Mike: As we start to think about the next normal, what are the things from an operational perspective that you will take forward into the post-COVID era?

Well, about two weeks ago, we set up what we initially called our Return to Work Task Force. And then we decided to change the name because the conversation is much more about the ‘new normal’ not just returning to the office. The goal of the Task Force is now to embrace the opportunity to define a better normal.

We surveyed our people and heard some interesting perspectives on whether people want to return to a physical work environment or not. Some of our people are saying to us: ‘well, we've actually figured out some interesting ways of now balancing work with our family...we get up, we do some work then we spend time with family in the morning’.

We like this and we've seen productivity increases, in our engineering function, for example, productivity has gone up significantly.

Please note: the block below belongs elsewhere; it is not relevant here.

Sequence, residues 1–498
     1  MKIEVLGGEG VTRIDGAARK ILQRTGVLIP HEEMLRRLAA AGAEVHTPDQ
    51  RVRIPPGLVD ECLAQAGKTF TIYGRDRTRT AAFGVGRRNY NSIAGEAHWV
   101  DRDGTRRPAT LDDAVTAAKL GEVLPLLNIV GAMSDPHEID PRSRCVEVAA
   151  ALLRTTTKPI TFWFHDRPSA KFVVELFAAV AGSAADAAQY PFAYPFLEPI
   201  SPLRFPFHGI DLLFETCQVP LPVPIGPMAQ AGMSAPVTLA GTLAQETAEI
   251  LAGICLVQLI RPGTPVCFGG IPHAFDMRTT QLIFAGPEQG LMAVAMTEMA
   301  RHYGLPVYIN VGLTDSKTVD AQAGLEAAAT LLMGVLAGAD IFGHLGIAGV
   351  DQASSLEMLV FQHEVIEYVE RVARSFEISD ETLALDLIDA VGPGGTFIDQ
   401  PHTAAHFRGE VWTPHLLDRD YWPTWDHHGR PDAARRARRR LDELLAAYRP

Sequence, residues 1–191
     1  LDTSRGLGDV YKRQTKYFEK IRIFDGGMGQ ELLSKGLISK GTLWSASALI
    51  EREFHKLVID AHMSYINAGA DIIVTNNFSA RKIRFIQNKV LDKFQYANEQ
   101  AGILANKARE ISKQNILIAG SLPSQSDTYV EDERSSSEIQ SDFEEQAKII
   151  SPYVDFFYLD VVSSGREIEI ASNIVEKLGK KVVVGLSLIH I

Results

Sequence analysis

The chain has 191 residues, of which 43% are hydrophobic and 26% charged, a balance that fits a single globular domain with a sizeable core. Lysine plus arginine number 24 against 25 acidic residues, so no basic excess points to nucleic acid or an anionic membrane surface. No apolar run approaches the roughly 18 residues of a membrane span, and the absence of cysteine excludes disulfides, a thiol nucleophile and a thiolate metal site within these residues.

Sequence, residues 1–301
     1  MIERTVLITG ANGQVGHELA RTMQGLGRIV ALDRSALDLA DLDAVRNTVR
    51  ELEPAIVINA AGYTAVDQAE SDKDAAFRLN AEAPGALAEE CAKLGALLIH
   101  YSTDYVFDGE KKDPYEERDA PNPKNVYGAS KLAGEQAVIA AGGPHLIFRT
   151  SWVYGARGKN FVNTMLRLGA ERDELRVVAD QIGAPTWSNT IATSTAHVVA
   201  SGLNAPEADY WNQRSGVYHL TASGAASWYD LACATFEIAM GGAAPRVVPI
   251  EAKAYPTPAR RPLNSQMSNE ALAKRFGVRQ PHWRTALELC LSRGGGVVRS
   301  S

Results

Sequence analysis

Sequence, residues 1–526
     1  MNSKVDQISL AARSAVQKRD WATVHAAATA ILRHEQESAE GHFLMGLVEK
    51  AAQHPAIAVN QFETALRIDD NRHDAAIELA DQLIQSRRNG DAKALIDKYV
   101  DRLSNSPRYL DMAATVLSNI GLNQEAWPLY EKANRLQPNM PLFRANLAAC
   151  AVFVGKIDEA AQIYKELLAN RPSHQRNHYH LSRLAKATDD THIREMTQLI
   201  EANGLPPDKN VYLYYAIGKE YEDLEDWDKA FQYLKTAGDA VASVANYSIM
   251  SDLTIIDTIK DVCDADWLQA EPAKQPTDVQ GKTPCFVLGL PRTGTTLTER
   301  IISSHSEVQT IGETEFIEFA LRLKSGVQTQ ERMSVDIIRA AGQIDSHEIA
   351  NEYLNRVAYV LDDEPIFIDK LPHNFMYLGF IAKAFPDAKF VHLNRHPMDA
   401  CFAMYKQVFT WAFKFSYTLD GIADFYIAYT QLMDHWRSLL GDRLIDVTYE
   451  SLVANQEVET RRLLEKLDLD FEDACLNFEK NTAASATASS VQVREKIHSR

We are going to have a different type of office footprint, where people go in to interact and to have meetings and engage with clients for briefings, but we will shift to a default being working from home in the future.

Part of that is also going to be reduced travel. Travel went down to zero during this period of course, and I don't see travel returning to even 50% of its previous levels.

Even our board has said this works well for board meetings, I’d imagine doing half in person and half virtually.

Other things will change too, for example, industry event conferences were a big source of leads. Maybe 40% of our leads came from attending industry events, but what we've learned in the last two months is how to do lead gen without industry events.

I think we're going to see some of our events come back, but large industry events I think are going to be very distressed and disrupted.

That really is a big change.

In the next part of this interview, I’d like to ask you about purpose in an organisation, and your thoughts on the key steps to building not just a new normal, but a better one.